When the parodied female becomes known, becomes a “personality,” derision gives way to admiration and sympathy and “understanding.” In publications like the British Sunday Times you will find discussions with passages like “Marilyn Monroe grew up without affection and at times she was near suicide. When she talks about herself the awareness of her bitter past is never quite absent.” Time and Life present her psychoanalytical comments on herself. And Dwight Macdonald in Esquire explains that “the expensive difficulties she makes for her employers are not so much prima donna assertiveness as symptoms of resentment and boredom.” Sociologists read Zolotow’s book on her character changes, and Cecil Beaton rhapsodizes that “she was born the postwar day we had need of her. Certainly she had no knowledge of the past. Giraudox’s Ondine, she is only fifteen years old; and she will never die.” He’s right, at least, about her not having knowledge of the past: she seems to have swallowed all the psychoanalytical cliches about maltreated children, and when she talks about her past she simply spews them up. And the educated public loves these burbling bits of Freudian “insight” when they come out of the mouths of “babes.” In The Misfits, our heroine, with the sure instincts of the faithful dog, and the uncorrupted clarity of the good clean peasant, looks at each character in the film and knows him for what he is. The innocent eye can see the inner man - she’s the female of the species of the strong, silent hero, but she’s also the traditional whore with the heart of gold. Her performance in The Misfits appears uncontrollably nervous, but it’s almost as if her confused state were the final proof of her sincerity. The public loves her the more because life seems too much for her.
La Verite is a tired and trite and mechanical piece of slick moviemaking. Conceptually, it’s rather like Of Human Bondage - seen from Mildred’s point of view. Although the title and the film’s structure suggest that we are going to see the relativity of truth, the movie seems designed to show us the truth about Brigitte Bardot, just as The Misfits was written around Monroe. (These ladies are then congratulated for their histrionic achievements in playing themselves; certainly they are perfect in the roles - no one else could play them so well - but then, could they play anyone else?) This confusion of art and life which takes the form of sensationalism is becoming very popular in this Freudianized period. (Clouzot coyly plays with this confusion by having Bardot, the subject of a book by Simone de Beauvoir, accused in the courtroom of La Verite of having read a book by de Beauvoir.)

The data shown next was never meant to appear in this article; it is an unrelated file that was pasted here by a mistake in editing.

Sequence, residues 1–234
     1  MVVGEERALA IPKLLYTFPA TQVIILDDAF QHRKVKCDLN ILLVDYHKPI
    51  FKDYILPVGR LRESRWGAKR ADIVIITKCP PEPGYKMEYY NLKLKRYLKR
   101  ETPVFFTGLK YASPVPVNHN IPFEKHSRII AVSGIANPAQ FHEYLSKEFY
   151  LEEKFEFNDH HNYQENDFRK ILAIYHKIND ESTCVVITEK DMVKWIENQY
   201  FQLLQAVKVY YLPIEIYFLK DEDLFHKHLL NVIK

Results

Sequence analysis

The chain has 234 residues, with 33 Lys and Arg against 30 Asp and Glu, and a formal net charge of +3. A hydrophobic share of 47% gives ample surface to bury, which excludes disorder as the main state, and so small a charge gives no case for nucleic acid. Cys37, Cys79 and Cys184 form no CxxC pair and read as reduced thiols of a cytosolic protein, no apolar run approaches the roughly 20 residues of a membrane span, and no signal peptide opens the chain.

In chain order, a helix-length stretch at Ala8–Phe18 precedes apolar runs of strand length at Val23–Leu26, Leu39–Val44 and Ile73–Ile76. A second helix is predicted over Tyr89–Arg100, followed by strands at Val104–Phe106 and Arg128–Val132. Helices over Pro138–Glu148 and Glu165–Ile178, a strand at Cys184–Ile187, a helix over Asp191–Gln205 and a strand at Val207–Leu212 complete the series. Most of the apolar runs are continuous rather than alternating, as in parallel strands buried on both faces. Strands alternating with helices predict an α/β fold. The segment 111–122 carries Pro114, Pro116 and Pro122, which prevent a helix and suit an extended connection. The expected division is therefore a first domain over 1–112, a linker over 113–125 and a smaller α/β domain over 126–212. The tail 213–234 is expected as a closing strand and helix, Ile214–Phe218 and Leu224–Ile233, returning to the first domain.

It is supposed to be daring and modern to make these messed-up accounts of messed-up lives - though they may seem very much like the old Sunday supplements with their daring exposes. In this new form, however, the appeal is not only to the mass audience but also the more literate, who are led to believe that they are getting some inside psychological dope.
Apparently these screen incarnations of male fantasies, Monroe (once a calendar girl come to comic strip life, an implausible but delicious affront to respectability) and Bardot (the distillation of all those irresponsible, petulant teen-agers who may never know that human experience has depth and expressiveness and potentialities beyond their immediate range of impulses) are objects of enthusiasm not so much for their (former or present) polymorphous-perverse physical charms and their (former or present) comedy talents, as for their messy, miscarriages, overweight problems, husband troubles, and all those mental and physical ills which now comprise the image of a great star. The new heroine of our films is becoming the wretched star herself. In the pre-Freudian age, the exploitation of persona ailments in films like The Misfits and La Verite would have been regarded as disgusting. It is disgusting, and the condescending type of sympathetic “understanding” which is now widely purveyed is an insult to Freud and man. In the frivolous, absurd old days, starts were photographed in their bubble baths: now they bathe in tears of self-pity - while intellectual critics tap their understanding typewriters.